Stay up to date with notifications from The Independent

Notifications can be managed in browser preferences.

The Independent's journalism is supported by our readers. When you purchase through links on our site, we may earn commission.

Wines of the week: 10 bottles from the Languedoc-Roussillon

Unlike other regions in France, it’s not dominated by just a handful of grapes – and now it’s enjoying an explosion in popularity, says Terry Kirby

Thursday 16 January 2020 12:56 GMT
Anything but ordinary: once the home of table wine, the region showcases fantastic diversity
Anything but ordinary: once the home of table wine, the region showcases fantastic diversity

The Languedoc-Roussillon region in southern France is where, several decades ago, I first learned to love French wine and food. The vineyards around the small village near Montpellier where I stayed with friends seemed never-ending and we drank gallons of the vibrant red from the local cooperative of vine growers; pumped, petrol station-style, into large plastic containers.

Then, the vast region, which stretches westwards along the Mediterranean from the Rhone Valley to the Spanish border, and where wine has been made since ancient times, produced three times more wine than Bordeaux, but had a fraction of the recognition, lacking many appellation d’origine controlee​ (AOC) designations. It was generally seen as the home of vin ordinaire, cheap table wine, made by these kind of local cooperatives and small growers, unworthy of serious consideration.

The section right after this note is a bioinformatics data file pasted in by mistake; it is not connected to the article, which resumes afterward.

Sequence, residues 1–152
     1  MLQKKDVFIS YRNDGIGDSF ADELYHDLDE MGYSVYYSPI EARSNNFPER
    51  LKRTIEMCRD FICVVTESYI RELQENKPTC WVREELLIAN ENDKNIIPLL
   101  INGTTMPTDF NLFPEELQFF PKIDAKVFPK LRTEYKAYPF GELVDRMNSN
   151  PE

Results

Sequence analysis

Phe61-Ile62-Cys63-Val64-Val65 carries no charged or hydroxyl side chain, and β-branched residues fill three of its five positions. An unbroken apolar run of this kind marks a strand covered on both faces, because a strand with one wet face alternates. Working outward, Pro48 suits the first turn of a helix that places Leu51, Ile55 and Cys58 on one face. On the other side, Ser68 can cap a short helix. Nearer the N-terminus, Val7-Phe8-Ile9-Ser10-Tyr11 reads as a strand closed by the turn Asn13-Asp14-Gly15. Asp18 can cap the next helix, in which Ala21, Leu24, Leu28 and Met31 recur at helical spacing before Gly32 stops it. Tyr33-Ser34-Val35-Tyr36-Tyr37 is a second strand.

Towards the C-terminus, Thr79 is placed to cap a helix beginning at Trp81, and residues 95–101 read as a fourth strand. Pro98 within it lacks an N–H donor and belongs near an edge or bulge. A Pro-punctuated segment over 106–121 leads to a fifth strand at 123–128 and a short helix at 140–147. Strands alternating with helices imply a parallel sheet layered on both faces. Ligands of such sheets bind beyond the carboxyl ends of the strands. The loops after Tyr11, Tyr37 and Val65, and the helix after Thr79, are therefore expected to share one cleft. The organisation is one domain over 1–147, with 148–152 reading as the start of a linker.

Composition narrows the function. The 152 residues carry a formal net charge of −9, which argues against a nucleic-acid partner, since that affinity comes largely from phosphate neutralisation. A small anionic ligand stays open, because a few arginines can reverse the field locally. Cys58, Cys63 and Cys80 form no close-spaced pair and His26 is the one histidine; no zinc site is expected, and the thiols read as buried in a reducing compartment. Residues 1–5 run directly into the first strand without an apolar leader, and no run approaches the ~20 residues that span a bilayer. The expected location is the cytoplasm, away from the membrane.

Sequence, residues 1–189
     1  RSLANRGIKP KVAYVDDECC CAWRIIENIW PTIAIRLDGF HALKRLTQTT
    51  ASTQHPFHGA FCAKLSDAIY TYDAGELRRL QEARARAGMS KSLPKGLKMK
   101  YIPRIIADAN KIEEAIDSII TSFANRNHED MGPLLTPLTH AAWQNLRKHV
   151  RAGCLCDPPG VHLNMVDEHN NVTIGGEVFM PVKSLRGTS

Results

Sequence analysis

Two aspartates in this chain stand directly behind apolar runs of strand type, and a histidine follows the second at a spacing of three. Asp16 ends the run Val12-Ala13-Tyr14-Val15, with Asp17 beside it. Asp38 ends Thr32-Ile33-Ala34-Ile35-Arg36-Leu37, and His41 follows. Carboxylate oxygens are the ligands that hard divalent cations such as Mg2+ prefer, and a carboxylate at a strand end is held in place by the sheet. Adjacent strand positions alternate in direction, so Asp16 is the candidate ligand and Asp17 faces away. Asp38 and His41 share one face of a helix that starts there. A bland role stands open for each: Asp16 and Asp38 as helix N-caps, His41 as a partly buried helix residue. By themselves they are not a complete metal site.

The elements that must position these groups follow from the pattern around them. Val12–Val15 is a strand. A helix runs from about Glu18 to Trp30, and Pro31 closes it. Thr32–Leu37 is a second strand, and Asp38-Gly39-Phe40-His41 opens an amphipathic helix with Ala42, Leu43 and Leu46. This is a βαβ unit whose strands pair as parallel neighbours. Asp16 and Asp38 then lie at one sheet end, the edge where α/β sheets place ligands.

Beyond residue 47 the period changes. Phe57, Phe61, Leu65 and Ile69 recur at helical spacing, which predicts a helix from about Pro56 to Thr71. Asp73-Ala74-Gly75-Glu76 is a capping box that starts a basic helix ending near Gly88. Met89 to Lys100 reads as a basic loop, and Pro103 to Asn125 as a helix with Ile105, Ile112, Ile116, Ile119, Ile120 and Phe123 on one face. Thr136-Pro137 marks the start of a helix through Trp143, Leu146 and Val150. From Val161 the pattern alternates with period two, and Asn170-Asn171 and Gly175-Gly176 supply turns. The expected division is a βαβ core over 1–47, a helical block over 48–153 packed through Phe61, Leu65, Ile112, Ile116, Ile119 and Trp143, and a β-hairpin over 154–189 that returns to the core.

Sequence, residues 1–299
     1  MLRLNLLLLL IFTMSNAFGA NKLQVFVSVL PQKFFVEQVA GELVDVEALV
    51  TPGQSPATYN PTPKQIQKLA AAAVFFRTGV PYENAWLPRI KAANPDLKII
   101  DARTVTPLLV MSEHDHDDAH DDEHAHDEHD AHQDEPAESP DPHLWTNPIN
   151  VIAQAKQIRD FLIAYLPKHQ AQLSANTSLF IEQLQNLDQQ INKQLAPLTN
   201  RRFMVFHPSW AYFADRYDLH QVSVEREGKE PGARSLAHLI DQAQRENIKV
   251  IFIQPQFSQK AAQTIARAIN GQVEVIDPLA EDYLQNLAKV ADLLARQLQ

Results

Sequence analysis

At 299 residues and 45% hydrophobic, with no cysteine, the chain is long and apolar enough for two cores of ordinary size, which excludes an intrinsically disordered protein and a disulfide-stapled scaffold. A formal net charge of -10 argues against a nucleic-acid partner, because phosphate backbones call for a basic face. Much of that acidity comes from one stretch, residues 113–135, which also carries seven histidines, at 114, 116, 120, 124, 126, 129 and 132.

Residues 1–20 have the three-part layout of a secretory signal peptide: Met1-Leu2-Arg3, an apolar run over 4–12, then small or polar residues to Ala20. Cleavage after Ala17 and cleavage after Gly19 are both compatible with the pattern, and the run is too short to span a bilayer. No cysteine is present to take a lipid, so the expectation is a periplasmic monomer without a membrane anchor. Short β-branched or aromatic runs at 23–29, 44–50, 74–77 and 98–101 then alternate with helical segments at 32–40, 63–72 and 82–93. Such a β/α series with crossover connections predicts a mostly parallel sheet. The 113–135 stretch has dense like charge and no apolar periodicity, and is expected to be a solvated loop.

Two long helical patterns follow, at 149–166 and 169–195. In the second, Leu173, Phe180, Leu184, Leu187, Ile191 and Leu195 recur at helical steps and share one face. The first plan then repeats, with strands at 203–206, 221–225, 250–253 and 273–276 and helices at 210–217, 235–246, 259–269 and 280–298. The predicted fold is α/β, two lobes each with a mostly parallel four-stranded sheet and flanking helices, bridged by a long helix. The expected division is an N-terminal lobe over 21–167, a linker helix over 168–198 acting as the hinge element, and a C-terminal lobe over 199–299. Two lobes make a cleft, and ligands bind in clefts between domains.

Today, much of that has changed. Although it is no longer an administrative region of France – being subsumed into the bigger Occitanie – the name as a wine area is stronger than ever, producers have upped their game and there are an increasing number of AOC’s – including the wines from the village where I used to stay.

And there is a much broader recognition among UK consumers for the region’s value for money and the astonishing variety of their true-to-terroir wines: robust reds from Corbieres and Minervois, vibrant sparklers and chardonnays from Limoux and the currently fashionable whites of picpoul de pinet, as well as a host of other approachable, food friendly wines, made from various combinations of the many grapes that thrive on the sun-baked, sea-facing slopes or amid the Mediterranean scrub. This is not a region, like many others in France, dominated by just a handful of grapes.